Robert Christgau, whose title, "the dean of American rock critics," was self-bestowed but nonetheless widely accepted, was one of eight staffers let go last week at the Village Voice. In a note posted on Gawker.com, Christgau announced, "Since I have no intention of giving up rock criticism, all reasonable offers [will be] entertained." (HT: Romenesko.)
The 64-year-old Christgau has published two books' worth of essays and, since 1969, a monthly Consumer Guide column, which in its classic form during the 1970s and '80s offered dense-but-readable one-paragraph reviews and A-plus-through-E-minus letter grades for roughly twenty albums per installment.
Christgau's politics, left but not hard-left, often cropped up in his writing. He summarized his leanings a few years ago to RockCritics.com: "I want to see a radical redistribution of wealth and an end to racism, sexism, and homophobia. But that won't make me pretend there's anything inherently communist or socialist about rock and roll -- at its inception, it was an expression of democracy at its American best and capitalism at its entrepreneurial best...Revolutionaries tend to be puritans. Rock and rollers tend not to be. I prefer rock and rollers. And I've always argued that one reason revolutionaries start so few revolutions is that puritans are a pain in the ass."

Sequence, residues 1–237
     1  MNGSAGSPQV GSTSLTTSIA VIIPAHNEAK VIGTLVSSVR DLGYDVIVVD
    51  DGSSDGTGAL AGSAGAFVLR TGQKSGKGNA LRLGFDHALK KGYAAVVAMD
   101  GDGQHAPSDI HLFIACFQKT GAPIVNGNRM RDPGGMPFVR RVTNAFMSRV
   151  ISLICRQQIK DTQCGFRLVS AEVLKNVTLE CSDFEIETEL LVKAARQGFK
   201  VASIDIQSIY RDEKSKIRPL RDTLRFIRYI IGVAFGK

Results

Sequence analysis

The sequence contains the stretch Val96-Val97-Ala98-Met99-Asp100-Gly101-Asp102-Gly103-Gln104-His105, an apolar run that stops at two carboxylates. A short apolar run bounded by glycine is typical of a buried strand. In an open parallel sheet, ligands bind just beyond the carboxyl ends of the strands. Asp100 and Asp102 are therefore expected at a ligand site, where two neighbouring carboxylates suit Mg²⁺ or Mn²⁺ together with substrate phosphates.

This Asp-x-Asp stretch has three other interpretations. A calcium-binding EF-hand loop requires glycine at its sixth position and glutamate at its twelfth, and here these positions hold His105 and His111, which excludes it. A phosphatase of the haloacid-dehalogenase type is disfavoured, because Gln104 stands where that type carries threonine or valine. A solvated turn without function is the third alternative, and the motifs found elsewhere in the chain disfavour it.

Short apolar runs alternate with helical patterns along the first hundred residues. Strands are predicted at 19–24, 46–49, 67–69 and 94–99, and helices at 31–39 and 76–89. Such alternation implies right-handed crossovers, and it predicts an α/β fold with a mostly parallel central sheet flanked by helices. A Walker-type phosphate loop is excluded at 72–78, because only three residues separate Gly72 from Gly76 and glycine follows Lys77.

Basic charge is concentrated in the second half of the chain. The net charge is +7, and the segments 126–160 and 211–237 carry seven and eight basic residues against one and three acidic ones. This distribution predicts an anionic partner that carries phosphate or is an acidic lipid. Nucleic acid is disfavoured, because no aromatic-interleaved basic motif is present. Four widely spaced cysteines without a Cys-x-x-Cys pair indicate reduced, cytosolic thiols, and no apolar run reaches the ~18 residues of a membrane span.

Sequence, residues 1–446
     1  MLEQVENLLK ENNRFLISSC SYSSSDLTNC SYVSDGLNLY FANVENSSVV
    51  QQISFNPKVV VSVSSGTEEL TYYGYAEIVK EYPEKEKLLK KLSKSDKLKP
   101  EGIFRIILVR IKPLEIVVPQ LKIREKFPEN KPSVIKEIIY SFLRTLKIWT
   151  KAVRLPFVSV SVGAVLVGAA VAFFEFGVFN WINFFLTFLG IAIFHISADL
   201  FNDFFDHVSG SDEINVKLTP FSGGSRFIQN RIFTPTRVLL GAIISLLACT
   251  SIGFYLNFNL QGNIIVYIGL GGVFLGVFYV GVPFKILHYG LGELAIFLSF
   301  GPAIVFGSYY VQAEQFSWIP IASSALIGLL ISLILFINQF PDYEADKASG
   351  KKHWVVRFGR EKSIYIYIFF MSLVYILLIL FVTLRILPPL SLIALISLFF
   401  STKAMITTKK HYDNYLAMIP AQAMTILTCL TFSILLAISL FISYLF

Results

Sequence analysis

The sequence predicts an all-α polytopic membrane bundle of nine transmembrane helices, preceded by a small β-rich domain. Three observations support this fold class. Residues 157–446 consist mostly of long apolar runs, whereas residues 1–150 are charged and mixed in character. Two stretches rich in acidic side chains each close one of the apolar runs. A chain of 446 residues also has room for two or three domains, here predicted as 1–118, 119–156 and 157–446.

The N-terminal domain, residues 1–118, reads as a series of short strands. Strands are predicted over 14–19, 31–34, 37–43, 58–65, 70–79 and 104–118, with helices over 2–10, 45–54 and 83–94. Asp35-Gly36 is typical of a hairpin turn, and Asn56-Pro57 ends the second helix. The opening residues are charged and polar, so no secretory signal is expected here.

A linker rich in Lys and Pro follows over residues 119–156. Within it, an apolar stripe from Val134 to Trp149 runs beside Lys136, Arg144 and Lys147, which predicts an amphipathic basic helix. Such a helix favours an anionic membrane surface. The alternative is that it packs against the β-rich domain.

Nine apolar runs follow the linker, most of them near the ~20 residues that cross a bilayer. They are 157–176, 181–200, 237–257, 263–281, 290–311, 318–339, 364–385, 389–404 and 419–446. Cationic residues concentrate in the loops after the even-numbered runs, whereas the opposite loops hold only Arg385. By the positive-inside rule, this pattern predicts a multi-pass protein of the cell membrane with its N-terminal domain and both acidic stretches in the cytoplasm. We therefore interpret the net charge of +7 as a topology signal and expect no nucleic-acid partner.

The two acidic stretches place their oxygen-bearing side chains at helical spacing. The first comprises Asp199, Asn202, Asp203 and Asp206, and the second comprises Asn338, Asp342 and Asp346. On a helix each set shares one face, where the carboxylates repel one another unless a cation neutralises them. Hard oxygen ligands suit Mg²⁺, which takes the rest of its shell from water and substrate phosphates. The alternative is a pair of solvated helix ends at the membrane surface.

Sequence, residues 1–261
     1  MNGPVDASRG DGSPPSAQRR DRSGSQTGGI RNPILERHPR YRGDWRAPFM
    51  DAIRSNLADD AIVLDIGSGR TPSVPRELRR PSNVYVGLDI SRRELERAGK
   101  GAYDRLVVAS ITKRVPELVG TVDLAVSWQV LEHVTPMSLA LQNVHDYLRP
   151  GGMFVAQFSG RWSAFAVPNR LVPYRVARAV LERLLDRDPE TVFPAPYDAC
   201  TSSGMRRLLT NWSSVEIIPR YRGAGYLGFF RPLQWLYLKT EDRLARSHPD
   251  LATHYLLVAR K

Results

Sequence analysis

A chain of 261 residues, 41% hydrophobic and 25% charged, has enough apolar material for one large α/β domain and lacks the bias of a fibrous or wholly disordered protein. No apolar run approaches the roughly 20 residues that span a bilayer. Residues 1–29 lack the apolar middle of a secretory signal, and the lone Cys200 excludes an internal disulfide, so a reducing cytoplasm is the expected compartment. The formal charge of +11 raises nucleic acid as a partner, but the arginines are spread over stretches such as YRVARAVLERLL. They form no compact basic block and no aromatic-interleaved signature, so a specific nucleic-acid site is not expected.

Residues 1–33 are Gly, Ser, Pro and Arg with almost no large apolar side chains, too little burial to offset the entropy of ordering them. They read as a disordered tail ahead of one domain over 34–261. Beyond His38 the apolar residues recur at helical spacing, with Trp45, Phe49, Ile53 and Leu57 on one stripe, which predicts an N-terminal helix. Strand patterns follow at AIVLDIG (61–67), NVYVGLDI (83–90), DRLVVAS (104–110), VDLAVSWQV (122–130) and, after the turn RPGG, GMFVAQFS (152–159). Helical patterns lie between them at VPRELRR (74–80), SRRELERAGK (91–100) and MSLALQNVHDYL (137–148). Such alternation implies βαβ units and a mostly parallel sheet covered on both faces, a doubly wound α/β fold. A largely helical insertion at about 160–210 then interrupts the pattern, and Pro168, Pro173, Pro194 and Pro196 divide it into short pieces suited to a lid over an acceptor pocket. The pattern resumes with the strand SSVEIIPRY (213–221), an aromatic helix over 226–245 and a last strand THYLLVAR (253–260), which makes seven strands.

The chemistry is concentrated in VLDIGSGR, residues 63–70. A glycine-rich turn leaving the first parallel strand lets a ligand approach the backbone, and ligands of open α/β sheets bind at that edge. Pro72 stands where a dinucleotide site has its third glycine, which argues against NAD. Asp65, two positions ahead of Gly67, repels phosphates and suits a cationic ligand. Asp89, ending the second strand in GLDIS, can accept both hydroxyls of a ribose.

That was Christgau the thoughtful left-winger, but the dean also was capable of writing politically correct goop, as when, reviewing Bruce Springsteen's The River, he opined that Springsteen was "too white and too male, though he's decent enough to wish he weren't."